The Regulatory Change Sneaking Up on Investment Advisers

Date: December 17, 2013

What if I told you that there is a new regulation on the horizon.  A new regulation that requires extensive portfolio reporting.  A new regulation that will impact approximately 600 registered funds.  A new regulation that is causing portfolio managers to reconsider their trading strategies and product managers to reconsider their fund offerings.

No, I am not talking about the second round of Money Market Reform and the accompanying changes to Form N-MFP.  I am talking about CFTC registration and Form CPO-PQR.

The CFTC first removed the exemption provided by Rule 4.5 back in early 2012, creating a whole batch of advisers who are now required to register as both an Investment Adviser with the SEC and a Commodity Pool Operator with the CFTC.  For those advisers who manage registered mutual funds, the dual registration created a lot of redundancy and even conflicts between their two registrations, putting things on hold.

Fast forward to late 2013, when the SEC and CFTC harmonized their rules, resolved the redundancy and conflicts in the dual registration, and set the effective dates for compliance, including filing the new Form CPO-PQR, which will need to be done in the early part of 2014.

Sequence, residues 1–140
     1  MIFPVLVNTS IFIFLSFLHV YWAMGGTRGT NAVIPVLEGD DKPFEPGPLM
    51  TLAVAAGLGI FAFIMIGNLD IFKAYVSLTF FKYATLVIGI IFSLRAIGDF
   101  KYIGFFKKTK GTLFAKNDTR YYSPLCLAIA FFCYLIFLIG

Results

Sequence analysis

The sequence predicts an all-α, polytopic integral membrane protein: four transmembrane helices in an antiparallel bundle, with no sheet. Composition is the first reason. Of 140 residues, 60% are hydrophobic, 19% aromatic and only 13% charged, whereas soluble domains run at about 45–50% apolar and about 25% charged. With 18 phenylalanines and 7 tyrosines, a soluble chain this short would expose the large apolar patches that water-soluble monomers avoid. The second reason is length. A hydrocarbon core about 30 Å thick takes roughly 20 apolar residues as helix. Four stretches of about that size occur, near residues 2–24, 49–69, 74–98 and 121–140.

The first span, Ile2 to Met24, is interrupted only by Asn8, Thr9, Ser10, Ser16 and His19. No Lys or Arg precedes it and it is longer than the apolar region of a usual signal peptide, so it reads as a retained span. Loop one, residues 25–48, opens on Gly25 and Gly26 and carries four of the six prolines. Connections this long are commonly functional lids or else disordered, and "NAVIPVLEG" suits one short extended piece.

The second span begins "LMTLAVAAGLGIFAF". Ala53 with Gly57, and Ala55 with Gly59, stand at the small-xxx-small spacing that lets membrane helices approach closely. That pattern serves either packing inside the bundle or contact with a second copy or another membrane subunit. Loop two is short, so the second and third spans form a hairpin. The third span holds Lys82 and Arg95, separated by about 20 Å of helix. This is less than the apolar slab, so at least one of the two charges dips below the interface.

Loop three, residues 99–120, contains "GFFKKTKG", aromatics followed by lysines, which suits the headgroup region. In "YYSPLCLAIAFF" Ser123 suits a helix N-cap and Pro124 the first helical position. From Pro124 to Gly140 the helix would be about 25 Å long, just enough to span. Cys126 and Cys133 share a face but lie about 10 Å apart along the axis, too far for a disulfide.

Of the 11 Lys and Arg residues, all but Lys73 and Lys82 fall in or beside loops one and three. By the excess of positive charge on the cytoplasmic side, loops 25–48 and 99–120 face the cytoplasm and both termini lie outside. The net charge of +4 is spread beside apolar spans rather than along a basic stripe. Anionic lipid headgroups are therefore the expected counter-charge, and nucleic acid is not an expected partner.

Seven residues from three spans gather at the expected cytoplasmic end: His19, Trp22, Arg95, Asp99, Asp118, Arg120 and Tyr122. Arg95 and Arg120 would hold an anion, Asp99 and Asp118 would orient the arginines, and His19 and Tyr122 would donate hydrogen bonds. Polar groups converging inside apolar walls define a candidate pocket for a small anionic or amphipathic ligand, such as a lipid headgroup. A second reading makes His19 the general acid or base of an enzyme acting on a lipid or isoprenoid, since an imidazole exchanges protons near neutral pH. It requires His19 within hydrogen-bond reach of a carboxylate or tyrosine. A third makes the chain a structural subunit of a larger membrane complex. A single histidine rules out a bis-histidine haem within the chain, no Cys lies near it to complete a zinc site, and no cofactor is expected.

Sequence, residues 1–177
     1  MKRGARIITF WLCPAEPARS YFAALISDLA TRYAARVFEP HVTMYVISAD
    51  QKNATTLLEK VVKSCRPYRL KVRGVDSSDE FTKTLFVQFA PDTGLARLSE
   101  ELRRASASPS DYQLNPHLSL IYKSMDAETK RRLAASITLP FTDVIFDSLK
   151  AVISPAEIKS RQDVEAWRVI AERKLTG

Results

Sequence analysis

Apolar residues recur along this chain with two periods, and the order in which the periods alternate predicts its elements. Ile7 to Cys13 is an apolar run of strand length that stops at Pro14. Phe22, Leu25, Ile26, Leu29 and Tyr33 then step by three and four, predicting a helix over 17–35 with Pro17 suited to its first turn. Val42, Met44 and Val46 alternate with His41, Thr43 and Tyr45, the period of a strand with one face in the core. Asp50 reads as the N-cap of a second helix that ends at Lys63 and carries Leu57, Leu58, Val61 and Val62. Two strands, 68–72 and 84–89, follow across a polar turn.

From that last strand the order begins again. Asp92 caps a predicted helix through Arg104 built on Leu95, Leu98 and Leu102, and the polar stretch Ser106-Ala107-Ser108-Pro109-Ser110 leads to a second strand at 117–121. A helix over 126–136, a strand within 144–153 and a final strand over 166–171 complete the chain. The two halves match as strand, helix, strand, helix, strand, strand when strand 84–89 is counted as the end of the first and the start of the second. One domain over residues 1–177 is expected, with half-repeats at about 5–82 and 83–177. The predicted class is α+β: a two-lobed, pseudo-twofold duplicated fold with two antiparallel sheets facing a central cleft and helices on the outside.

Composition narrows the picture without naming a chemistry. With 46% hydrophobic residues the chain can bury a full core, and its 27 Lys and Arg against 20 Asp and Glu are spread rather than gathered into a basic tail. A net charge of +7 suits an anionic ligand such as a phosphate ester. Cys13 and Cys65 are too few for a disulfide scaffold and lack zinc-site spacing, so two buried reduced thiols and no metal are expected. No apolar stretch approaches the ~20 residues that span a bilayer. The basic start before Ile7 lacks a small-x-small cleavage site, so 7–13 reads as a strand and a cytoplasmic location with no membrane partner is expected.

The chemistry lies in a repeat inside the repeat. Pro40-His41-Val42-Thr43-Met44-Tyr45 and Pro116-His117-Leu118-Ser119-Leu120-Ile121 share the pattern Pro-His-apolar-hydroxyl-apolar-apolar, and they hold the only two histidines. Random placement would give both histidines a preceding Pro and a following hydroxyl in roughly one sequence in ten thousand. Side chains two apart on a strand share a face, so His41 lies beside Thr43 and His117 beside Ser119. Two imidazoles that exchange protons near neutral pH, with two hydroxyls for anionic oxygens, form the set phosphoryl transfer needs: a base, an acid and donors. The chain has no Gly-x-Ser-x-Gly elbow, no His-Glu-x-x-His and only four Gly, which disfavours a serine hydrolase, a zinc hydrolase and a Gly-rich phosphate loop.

Despite the similarities in impact – both involve the same amount of funds, both introduce additional regulations and reporting, both have caused investment advisers to reconsider their offering – and despite an effective date that is just around the corner, there is much less buzz in the industry around Form CPO-PQR than Form N-MFP.  Even at this late date, a number of investment advisers still have Form CPO-PQR on their to-do list.  Fortunately, there is still time to act before the first filing is due in a few months.

To learn more about 13f-2 watch our webinar replay Part 1: Unpacking the SEC's New Disclosure Rules for Shareholders
Join us for Part 2: Operationalizing the SEC's New Disclosure Rules, for Shareholders on December 12.